NNN.)

The allene molecule H2CPCPCH2 is linear (the

three C atoms lie on a straight line). What are

the hybridization states of the carbon atoms? Draw

diagrams to show the formation of sigma bonds and

pi bonds in allene.

Describe the hybridization of phosphorus in PF5.

How many sigma bonds and pi bonds are there in

each of the following molecules?

H

H

H

Cl

A

A

G

D

H 3COCPCOCqCOH

CPC

ClOCOCl

D

G

A

A

H

H

H

H

(a)



(b)



(c)



Questions and Problems



10.42 How many pi bonds and sigma bonds are there in the

tetracyanoethylene molecule?

NqC

NqC



CqN



G

D

CPC

D

G



CqN



10.43 Give the formula of a cation comprised of iodine and

fluorine in which the iodine atom is sp3d-hybridized.

10.44 Give the formula of an anion comprised of iodine and

fluorine in which the iodine atom is sp3d 2-hybridized.



Molecular Orbital Theory

Review Questions

10.45 What is molecular orbital theory? How does it differ

from valence bond theory?

10.46 Define the following terms: bonding molecular orbital, antibonding molecular orbital, pi molecular

orbital, sigma molecular orbital.

10.47 Sketch the shapes of the following molecular orbitw

als: s 1s, s w

1s, p 2p , and p 2p . How do their energies

compare?

10.48 Explain the significance of bond order. Can bond

order be used for quantitative comparisons of the

strengths of chemical bonds?



Problems

10.49 Explain in molecular orbital terms the changes in

HOH internuclear distance that occur as the molec21

ular H2 is ionized first to H1

2 and then to H2 .

10.50 The formation of H2 from two H atoms is an energetically favorable process. Yet statistically there is

less than a 100 percent chance that any two H atoms

will undergo the reaction. Apart from energy considerations, how would you account for this observation based on the electron spins in the two

H atoms?

10.51 Draw a molecular orbital energy level diagram for each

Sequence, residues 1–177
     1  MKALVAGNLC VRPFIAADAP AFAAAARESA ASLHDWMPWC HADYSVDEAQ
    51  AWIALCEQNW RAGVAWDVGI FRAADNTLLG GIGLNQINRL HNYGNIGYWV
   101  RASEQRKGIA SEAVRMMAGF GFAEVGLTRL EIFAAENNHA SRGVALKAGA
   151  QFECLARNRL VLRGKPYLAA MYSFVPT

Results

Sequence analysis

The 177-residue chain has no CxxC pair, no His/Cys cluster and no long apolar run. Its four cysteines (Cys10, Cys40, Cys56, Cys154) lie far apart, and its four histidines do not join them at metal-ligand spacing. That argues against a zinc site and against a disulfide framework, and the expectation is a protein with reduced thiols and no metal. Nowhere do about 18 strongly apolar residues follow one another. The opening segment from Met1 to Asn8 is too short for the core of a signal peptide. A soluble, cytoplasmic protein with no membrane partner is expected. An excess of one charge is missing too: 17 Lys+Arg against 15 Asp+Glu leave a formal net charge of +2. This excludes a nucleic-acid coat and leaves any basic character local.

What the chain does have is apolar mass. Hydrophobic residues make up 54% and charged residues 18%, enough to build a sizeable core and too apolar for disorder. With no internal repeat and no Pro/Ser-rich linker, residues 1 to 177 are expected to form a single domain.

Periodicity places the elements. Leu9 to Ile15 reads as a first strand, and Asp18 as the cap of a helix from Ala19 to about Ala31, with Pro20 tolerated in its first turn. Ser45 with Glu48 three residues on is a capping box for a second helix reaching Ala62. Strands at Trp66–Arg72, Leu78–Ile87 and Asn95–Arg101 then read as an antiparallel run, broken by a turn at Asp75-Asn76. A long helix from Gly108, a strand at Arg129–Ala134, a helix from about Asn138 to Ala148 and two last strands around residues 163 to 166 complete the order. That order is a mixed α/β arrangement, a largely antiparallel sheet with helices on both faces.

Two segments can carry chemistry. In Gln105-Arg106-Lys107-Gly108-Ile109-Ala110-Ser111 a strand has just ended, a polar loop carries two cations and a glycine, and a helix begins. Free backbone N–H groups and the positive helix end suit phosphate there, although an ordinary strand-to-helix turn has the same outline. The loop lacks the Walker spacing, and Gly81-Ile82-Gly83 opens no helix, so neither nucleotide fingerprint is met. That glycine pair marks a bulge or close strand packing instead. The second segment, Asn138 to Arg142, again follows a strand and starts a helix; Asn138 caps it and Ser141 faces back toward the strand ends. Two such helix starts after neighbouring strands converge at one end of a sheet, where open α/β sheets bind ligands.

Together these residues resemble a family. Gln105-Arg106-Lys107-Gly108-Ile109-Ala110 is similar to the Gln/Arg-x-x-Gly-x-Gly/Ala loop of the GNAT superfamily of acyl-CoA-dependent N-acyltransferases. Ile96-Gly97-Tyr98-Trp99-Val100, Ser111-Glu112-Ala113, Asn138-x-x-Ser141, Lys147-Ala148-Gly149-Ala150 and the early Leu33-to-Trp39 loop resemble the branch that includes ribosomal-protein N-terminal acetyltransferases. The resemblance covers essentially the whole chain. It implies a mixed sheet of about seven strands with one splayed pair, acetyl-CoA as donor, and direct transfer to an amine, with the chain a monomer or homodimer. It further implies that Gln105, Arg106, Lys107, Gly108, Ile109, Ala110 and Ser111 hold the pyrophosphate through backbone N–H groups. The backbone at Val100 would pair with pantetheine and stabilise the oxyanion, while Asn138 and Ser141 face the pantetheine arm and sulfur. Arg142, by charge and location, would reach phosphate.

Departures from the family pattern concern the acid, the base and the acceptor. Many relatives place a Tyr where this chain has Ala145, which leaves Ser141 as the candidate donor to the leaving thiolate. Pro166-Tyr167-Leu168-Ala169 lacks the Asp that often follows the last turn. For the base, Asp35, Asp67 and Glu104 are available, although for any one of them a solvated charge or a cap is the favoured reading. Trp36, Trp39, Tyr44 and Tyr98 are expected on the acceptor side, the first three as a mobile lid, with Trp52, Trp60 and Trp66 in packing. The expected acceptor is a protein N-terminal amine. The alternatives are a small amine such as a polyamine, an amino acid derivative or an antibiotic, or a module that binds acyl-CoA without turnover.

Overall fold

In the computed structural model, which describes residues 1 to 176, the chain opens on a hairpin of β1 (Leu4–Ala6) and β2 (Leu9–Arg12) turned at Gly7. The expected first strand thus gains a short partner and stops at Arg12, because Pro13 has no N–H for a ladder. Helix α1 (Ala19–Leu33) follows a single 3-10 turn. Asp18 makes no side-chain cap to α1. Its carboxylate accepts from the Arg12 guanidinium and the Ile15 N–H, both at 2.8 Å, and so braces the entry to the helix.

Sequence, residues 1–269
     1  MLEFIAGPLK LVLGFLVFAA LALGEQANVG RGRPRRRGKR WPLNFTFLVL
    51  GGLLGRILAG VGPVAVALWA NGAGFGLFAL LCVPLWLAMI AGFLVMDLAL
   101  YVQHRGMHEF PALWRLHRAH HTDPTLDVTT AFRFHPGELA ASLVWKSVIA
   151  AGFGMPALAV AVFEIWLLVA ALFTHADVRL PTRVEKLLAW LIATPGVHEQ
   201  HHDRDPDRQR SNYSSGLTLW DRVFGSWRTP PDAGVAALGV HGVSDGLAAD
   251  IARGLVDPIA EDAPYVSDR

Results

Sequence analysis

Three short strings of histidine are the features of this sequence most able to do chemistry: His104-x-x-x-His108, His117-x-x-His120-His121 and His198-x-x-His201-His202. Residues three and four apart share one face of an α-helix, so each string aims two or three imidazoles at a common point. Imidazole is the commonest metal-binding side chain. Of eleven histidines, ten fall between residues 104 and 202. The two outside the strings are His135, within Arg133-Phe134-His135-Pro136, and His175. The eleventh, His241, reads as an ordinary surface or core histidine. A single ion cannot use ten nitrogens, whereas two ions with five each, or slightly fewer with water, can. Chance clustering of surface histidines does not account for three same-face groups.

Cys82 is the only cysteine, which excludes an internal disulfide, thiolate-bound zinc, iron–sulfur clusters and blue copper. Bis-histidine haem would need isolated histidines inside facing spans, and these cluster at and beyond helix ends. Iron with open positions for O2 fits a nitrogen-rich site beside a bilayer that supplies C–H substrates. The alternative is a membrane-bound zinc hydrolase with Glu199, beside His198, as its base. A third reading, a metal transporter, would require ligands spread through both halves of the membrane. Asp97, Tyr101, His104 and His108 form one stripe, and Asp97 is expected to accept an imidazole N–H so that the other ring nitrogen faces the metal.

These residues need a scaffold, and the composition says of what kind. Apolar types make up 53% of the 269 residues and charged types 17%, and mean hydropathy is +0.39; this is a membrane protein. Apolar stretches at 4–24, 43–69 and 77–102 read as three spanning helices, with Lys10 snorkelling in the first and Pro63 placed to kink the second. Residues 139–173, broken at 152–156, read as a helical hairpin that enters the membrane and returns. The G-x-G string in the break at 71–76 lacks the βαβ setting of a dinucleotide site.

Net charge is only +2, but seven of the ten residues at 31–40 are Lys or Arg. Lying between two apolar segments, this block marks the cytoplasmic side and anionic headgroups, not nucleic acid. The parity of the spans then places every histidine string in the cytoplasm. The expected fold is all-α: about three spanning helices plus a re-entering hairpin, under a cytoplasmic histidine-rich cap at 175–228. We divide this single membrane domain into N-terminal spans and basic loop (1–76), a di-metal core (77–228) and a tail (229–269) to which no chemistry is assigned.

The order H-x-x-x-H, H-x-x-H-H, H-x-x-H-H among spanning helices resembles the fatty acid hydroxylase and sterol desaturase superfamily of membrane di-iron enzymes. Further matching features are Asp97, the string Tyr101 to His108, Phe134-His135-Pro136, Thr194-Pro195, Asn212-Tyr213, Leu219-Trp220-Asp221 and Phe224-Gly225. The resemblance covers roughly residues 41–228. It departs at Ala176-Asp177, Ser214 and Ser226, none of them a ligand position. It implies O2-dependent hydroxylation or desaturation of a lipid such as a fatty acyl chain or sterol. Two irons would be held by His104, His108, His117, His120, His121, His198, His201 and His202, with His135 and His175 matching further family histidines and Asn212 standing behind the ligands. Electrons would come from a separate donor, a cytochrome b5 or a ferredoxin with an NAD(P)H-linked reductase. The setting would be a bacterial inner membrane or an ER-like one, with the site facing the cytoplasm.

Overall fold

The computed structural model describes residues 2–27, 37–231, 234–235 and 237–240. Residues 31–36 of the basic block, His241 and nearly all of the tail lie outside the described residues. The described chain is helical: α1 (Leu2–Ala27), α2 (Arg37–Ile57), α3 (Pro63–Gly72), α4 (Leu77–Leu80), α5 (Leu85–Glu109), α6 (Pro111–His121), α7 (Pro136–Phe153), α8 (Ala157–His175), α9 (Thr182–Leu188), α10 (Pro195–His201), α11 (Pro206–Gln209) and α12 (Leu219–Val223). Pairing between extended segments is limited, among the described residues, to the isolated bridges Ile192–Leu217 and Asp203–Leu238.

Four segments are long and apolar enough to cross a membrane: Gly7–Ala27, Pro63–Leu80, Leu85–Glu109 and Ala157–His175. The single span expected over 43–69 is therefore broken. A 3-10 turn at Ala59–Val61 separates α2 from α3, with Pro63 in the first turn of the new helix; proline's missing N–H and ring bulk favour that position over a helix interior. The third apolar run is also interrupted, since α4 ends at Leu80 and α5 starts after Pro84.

of the following species: He2, HHe, He12 . Compare

their relative stabilities in terms of bond orders. (Treat

HHe as a diatomic molecule with three electrons.)

10.52 Arrange the following species in order of increasing

2

stability: Li2, Li1

2 , Li2 . Justify your choice with a

molecular orbital energy level diagram.

10.53 Use molecular orbital theory to explain why the

Be2 molecule does not exist.

10.54 Which of these species has a longer bond, B2 or B12 ?

Explain in terms of molecular orbital theory.

10.55 Acetylene (C2H2) has a tendency to lose two protons

(H1) and form the carbide ion (C222), which is present in a number of ionic compounds, such as CaC2

and MgC2. Describe the bonding scheme in the

C222 ion in terms of molecular orbital theory. Compare

the bond order in C222 with that in C2.



455



10.56 Compare the Lewis and molecular orbital treatments

of the oxygen molecule.

10.57 Explain why the bond order of N2 is greater than that of

N12 , but the bond order of O2 is less than that of O12 .

10.58 Compare the relative stability of the following species and indicate their magnetic properties (that is,

diamagnetic or paramagnetic): O2, O12 , O22 (superoxide ion), O22

2 (peroxide ion).

10.59 Use molecular orbital theory to compare the relative

stabilities of F2 and F 1

2.

10.60 A single bond is almost always a sigma bond, and a

double bond is almost always made up of a sigma

bond and a pi bond. There are very few exceptions to

this rule. Show that the B2 and C2 molecules are examples of the exceptions.



Delocalized Molecular Orbitals

Review Questions

10.61 How does a delocalized molecular orbital differ from

a molecular orbital such as that found in H2 or C2H4?

What do you think are the minimum conditions (for

example, number of atoms and types of orbitals) for

forming a delocalized molecular orbital?

10.62 In Chapter 9 we saw that the resonance concept is

useful for dealing with species such as the benzene

molecule and the carbonate ion. How does molecular

orbital theory deal with these species?



Problems

10.63 Both ethylene (C2H4) and benzene (C6H6) contain

the CPC bond. The reactivity of ethylene is greater

than that of benzene. For example, ethylene readily

reacts with molecular bromine, whereas benzene is